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Wind energy body appoints new board

Read time 2min 10sec
South African Wind Energy Association CEO Ntombifuthi Ntuli.
South African Wind Energy Association CEO Ntombifuthi Ntuli.

Renewable energy industry body, the South African Wind Energy Association (SAWEA), has announced three additions to its board of governance, effective immediately.

Mark Tanton, Dhesen Moodley and Toni Beukes will now be board members, joining existing members Tobias Bischoff-Niemz, Katherine Persson, Ntombifuthi Ntuli (ex-officio) and Mercia Grimbeek, who returns to the board after being re-elected as chairperson of SAWEA.

SAWEA, which represents interests in the South African wind power value chain, says the reconfigured board will be charged with steering the wind energy sector and advocating for a clean and affordable energy mix, of which wind energy is a big part.

Additionally, this group will lead the organisation into the new procurement rounds in line with the recently approved Integrated Resource Plan (IRP) 2019, as well as operationalise the industry commitment statement which has a strong focus on transformation and economic development.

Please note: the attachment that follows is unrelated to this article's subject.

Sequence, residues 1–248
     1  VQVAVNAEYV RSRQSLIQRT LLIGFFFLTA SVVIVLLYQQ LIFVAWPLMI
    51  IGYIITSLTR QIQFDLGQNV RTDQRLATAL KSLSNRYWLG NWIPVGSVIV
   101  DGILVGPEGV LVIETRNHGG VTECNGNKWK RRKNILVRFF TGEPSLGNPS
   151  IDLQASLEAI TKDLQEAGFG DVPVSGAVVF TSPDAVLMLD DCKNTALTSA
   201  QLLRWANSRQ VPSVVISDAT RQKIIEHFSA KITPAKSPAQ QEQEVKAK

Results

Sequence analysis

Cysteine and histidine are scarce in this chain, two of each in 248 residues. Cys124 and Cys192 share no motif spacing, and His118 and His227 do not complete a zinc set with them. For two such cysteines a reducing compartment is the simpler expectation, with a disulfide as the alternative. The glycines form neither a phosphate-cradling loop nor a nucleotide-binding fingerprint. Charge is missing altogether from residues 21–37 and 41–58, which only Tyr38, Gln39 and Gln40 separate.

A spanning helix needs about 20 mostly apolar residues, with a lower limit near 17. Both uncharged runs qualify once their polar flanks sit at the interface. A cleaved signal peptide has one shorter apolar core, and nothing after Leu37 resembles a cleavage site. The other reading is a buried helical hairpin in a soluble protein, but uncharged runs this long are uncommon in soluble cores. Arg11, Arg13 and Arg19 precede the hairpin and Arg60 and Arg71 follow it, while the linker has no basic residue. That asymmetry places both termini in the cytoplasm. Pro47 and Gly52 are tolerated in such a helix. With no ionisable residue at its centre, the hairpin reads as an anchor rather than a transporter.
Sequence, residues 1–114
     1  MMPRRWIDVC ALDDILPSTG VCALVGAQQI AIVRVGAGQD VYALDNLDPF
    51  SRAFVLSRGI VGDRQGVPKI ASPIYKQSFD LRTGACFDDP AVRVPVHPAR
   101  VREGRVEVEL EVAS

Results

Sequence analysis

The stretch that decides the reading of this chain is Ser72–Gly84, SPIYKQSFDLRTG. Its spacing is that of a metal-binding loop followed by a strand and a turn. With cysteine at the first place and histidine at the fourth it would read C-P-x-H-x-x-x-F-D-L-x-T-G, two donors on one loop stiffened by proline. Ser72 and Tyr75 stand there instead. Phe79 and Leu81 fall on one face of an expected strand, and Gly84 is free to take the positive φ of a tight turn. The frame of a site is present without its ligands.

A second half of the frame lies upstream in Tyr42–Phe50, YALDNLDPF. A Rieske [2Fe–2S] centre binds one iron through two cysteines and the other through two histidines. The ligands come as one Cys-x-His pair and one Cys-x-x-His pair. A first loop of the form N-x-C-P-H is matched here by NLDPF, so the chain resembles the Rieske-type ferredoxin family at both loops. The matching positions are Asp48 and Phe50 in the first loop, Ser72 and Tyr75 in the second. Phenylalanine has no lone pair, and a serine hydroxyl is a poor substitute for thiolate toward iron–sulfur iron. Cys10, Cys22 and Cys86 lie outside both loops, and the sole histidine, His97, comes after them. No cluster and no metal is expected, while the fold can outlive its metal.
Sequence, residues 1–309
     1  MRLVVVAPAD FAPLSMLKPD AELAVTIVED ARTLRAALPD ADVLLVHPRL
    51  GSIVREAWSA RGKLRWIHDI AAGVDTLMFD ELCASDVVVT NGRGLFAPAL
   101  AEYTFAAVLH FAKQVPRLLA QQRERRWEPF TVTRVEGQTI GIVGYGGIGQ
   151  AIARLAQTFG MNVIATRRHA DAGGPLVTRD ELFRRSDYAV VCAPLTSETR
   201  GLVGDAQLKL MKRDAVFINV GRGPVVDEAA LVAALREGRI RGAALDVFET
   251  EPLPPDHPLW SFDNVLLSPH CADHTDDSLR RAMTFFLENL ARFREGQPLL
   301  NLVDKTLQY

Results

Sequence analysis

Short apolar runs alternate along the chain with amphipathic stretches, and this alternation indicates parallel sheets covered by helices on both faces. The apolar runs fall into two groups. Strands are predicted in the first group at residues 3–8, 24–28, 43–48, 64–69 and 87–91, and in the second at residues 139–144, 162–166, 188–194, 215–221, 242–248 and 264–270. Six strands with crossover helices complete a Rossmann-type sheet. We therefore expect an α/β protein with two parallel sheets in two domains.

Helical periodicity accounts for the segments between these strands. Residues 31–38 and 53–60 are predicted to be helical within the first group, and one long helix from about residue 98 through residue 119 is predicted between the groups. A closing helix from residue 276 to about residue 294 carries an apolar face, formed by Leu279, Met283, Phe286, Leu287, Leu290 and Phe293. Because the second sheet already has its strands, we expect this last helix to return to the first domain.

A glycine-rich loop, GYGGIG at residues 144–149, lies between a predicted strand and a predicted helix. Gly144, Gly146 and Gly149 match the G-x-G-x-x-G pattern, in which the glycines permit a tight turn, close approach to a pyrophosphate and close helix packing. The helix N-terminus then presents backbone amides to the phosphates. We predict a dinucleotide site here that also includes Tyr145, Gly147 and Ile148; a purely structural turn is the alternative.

Government finally gazetted the long-awaited new IRP 2019 last month, with SAWEA previously blaming it for investors holding back investment.

The adoption of the IRP 2019 came after government had, on multiple occasions, failed to approve the draft.

The latest IRP consists of additional capacity of 1 500MW coal, 2 500MW hydro, 6 000MW photovoltaic, 14 400MW wind, 2 088MW storage and 3 000MW gas.

Ntombifuthi Ntuli, CEO of SAWEA, says: “It is great that the newly-elected board members hold strategic leadership roles in their respective organisations, and therefore they bring immense experience in the wind energy sector and particularly the Renewable Energy Independent Power Producer Procurement Programme, ensuring the organisation is well positioned to provide leadership to the broader industry.”

The current board represents a blend of developers (30%), independent power producers (60%) and original equipment manufacturers (10%), which are critical role-players in the wind energy value chain, according to Ntuli.

Tanton was instrumental in the establishment of SAWEA, and the organisation says he brings a lot of governance and industry experience, having been one of the first developers to pave the path of wind energy in SA.

Similarly, it says Beukes, who is an admitted attorney and has 12 years of experience in the energy sector across oil, gas and renewable energy, will be invaluable to SAWEA. Her renewable energy experience stems from her work under the Renewable Energy Programme.

Lastly, SAWEA says Moodley’s experience has seen him develop, bid, finance and manage IPPs in SA and Mozambique across coal, gas, wind, solar and hydro technologies.

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